We Love by Letting Go
by Richard Rohr

We cannot love God unless we love God’s world. Christians [should] have always known this, because an incarnate God is a world-loving God; but now it takes on new meaning and depth as we realize the radical interrelationship and interdependence of all forms of life. . . . In sum, we are not called to love God or the world. Rather, we are called to love God in the world. We love God by loving the world. We love God through and with the world. But this turns out to be a kenotic, a sacrificial love. —Sallie McFague [1]

The key to kenosis is knowing that your life is not about you. Everything—each breath, heartbeat, morsel of food, seeming success—is gift. We are entirely dependent upon God’s loving us into being, and keeping us in being, interdependent with all other beings. Your life does not really belong to you, as countercultural and difficult as that is to understand in our individualistic, competitive, consumer culture. As the Trinity reveals, life and love are poured into us that we may pour into others. “It is in giving that we receive.” This is precisely what Jesus modeled for us through his life, death, and resurrection.

Cynthia Bourgeault, one of CAC’s core faculty members,” explores kenosis or letting go as “the Jesus trajectory”:

“Do not store up treasures on earth,” [Jesus] teaches; do not strive or be afraid—“for it is your Father’s good pleasure to give you the kingdom” (Luke 12:32). All will come of its own accord in good time and with abundant fullness, so long as one does not attempt to hoard or cling.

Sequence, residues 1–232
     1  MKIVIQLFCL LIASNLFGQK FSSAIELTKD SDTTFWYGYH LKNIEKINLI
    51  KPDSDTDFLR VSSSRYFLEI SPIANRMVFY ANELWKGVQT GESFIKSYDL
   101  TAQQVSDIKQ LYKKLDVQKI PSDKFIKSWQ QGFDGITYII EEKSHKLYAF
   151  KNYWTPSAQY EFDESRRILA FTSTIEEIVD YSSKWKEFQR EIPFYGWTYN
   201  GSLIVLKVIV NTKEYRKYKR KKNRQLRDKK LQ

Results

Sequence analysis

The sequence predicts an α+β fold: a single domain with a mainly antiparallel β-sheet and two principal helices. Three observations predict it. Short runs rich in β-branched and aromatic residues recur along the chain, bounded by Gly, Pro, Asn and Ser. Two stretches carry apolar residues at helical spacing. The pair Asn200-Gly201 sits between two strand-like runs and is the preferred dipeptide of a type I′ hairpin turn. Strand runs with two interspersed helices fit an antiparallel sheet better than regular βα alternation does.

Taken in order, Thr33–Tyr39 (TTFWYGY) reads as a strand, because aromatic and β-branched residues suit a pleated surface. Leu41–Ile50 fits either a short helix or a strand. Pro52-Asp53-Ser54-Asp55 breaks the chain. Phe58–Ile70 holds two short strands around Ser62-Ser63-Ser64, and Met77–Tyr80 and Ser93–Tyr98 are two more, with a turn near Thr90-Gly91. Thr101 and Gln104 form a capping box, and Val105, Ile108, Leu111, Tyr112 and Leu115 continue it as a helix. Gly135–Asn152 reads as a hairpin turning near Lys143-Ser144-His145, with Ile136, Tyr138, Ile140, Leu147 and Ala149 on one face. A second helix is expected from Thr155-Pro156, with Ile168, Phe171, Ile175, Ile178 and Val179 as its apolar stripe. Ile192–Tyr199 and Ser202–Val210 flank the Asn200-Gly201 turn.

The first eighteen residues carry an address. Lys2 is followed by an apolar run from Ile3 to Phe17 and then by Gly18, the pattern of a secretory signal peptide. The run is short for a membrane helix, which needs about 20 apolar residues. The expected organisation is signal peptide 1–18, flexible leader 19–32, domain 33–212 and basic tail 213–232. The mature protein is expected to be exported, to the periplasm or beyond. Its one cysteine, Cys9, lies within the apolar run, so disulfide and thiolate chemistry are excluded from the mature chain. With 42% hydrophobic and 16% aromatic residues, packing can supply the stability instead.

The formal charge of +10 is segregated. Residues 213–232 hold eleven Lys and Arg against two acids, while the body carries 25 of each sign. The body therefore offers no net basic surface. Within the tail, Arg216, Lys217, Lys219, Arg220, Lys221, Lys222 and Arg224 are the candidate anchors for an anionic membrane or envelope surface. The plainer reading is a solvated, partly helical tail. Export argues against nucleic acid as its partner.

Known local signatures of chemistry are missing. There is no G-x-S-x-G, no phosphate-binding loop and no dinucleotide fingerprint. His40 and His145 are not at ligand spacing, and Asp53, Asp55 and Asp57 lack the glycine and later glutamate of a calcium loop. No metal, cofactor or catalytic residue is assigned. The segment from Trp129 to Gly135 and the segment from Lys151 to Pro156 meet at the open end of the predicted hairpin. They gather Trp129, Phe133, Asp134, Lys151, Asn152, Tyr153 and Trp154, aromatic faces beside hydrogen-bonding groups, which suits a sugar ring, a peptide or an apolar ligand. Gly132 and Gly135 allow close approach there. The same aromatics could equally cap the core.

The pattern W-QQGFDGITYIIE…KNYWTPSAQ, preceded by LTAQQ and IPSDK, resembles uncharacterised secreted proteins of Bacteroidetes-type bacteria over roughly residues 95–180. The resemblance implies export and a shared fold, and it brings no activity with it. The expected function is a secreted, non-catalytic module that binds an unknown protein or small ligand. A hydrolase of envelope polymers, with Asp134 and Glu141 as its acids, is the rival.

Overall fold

It is a path [Jesus] himself walked to the very end. In the garden of Gethsemane, with his betrayers and accusers massing at the gates, he struggled and anguished but remained true to his course. Do not hoard, do not cling—not even to life itself. Let it go, let it be—“Not my will but yours be done, [Father]. Into your hands, I commend my spirit” [Luke 22:42, 23:46].

Thus he came and thus he went, giving himself fully into life and death, losing himself, squandering himself. . . . It was not love stored up but love utterly poured out that opened the gates to the Kingdom of Heaven.

Over and over, Jesus lays this path before us. There is nothing to be renounced or resisted. Everything can be embraced, but the catch is to cling to nothing. You let it go. You go through life like a knife goes through a done cake, picking up nothing, clinging to nothing, sticking to nothing.  And . . . you can then throw yourself out, pour yourself out, being able to give it all back, even giving back life itself. That’s the kenotic path in a nutshell. Very, very simple. It only costs everything. [2]

 

Gateway to Silence:
Let it go; let it be.